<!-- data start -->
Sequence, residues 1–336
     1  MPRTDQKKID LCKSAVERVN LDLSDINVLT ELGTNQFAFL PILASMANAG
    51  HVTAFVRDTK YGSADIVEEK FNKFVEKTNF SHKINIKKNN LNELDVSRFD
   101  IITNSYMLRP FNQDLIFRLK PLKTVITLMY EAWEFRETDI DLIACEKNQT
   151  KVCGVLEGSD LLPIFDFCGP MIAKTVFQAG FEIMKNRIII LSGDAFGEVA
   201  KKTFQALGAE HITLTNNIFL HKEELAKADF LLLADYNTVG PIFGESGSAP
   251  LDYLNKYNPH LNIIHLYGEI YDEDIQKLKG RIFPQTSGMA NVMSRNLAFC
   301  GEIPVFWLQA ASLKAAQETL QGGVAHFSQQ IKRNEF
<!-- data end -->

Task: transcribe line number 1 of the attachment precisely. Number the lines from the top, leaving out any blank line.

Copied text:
Sequence, residues 1–336